Samuel Pepys Cafe: Launceston

This was the first time on our journey that we have caught up with some far flung friends – such a joy! Christian (famous drummer of seminal late ’90s band, Bidston Moss ?) and Meegan (famous opera singer and – on occasion – Bidston Moss roadie) began living in Launceston again about seven years ago and we have only caught up VERY intermittently since then – although FB helps to keep our love alive 😉

Not only did they have us for dinner at Rancho Relaxo that has a stunning view of the river – they visited us with home-baked gluten free chocolate raspberry brownies (!!!), took away our bag of laundry and returned it – washed and folded. WHAT THE?! Their information about Launceston was stuff that only a local would know – we love you Meegan, Christian and your Smalls – we will see you soon! (We obv spent so much time catching up that zero photos were taken…)

I am loving the increased amount of walking in my life. While living at the boatyard it began to drive me mad that I couldn’t walk to anywhere – yes, I could walk around the property, but that grew old after a while. Arriving in different places and exploring everywhere on foot means that a LOT more walking is happening. (Even more walking happens when one gets lost and wanders dolefully for hours on end.)

Out of the shade and into the sun.

Tamar River - on the way to the gorge.

Our walk down the river to the Gorge was wonderful, once M and I managed to tune out the “my legs are tired” whines of Small DB. We had been told about the extent of the flooding four months before, but it was hard to believe that we were walking through areas that had been entirely underwater. The area around the tearooms and bandstand are a curious mix of English garden (think camellias, roses, decorative bushes) and eucalyptus – possibly evidence of homesick/hopeful Europeans…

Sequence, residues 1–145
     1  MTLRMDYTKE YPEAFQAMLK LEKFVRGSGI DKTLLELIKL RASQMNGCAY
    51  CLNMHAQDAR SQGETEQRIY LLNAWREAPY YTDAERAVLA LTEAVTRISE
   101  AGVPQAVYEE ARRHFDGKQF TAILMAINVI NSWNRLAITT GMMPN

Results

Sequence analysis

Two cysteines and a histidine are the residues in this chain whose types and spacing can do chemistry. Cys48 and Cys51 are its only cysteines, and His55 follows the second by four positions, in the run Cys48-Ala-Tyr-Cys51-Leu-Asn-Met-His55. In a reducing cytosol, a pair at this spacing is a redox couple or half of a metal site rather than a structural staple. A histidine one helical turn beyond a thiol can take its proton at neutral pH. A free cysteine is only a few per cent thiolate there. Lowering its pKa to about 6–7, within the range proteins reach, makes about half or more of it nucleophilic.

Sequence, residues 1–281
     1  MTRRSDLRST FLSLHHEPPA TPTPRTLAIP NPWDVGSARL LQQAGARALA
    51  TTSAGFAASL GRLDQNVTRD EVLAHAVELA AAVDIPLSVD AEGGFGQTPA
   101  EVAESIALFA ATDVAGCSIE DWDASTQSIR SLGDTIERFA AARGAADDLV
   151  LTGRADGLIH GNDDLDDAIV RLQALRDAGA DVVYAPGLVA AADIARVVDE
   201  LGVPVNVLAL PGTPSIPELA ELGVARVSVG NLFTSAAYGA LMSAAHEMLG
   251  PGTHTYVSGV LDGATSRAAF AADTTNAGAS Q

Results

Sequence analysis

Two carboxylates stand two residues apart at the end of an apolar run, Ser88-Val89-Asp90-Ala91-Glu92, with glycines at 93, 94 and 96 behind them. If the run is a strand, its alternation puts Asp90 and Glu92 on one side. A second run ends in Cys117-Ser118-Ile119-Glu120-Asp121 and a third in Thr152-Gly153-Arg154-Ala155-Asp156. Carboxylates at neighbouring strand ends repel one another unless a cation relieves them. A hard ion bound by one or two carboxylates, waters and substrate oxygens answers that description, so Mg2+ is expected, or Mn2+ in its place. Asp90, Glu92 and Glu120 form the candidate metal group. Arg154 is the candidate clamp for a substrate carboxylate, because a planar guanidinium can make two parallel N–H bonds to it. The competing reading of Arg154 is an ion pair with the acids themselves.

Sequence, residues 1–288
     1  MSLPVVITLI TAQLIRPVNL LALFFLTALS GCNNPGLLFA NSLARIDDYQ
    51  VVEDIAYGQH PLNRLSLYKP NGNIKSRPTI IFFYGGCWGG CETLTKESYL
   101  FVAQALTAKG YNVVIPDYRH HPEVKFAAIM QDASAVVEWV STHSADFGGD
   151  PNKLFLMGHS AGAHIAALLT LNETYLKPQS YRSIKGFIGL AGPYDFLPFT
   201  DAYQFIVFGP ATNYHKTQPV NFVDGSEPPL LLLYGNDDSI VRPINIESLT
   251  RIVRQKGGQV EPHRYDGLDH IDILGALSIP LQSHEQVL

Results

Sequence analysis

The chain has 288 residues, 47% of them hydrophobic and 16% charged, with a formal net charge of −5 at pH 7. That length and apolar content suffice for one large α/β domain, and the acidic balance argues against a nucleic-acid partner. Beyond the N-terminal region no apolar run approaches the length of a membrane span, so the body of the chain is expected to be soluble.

Tearooms

225/365 • preening like a peacock •    #225_2016 #peacock #Spring2016 #bellalunaboat #Tasmania #discovertasmania #feathers #blues #greens #aquamarines

We met several peacocks that roam around – and went to enquire about the price of the chairlift (as this seems to be a mystery made more mysterious by signs saying ‘Ride Over – Pay On The Other Side’ still with no mention of what it actually cost). It cost $34 for one way or $40 return for all of us, the latter being the equivalent of two nights stay at the pontoon, so we did not ride. We marvelled at how many empty seats there were and how many more might be filled if they just made it flatrate $6 per person…

226/365 • someone left their brand new shoes on Deal Island - and now is wearing hot winter boots after stubbing her toe multiple times •   #226__2016 #6yo #bellalunaboat #shoes #tamarriver #feet #Spring2016 #coolingdown

It was a beautiful 20 degrees – Small DB (who appears to be becoming more heat intolerant with every passing year) whimpered about how hot she was, how hot her feet were, and spent some time dangling them in the water. She seemed to recover some energy when we did a bit of rock climbing…

Practicing for a career as a mountain goat.

We spent seven nights at the Home Point Pontoon, and the staff there are legendary. We used their shower a couple of times and that was a truly blissful experience! Hot water that doesn’t come from a pot heated up on the stove *fistpump*

Launceston Museum

The museum was excellent and contained a vintage caravan that I spent some time examining.

228/365 • my favourite bit of the Launceston museum (although there was fantastic interactive stuff throughout) was this caravan. Older than mine and plywood instead of fibreglass- it was build by a man to take his family camping in the 1930s ?

On Wednesday – a day of truly perfect weather – we spent the morning at the library and then joined a group of Launceston Home Schoolers and had lunch in City Park. We met some great people – and M was thoroughly schooled on Fishing In Tasmania by a ten-year-old boy called Max and his brother – and came away starry-eyed about jigging for squid.